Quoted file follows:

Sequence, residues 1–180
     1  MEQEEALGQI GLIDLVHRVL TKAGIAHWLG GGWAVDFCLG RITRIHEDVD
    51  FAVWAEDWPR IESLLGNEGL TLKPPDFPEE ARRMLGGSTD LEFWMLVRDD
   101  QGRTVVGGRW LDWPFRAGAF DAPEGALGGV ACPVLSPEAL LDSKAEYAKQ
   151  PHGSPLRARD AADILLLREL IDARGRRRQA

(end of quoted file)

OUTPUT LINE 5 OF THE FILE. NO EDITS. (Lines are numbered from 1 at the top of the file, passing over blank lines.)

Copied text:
   151  PHGSPLRARD AADILLLREL IDARGRRRQA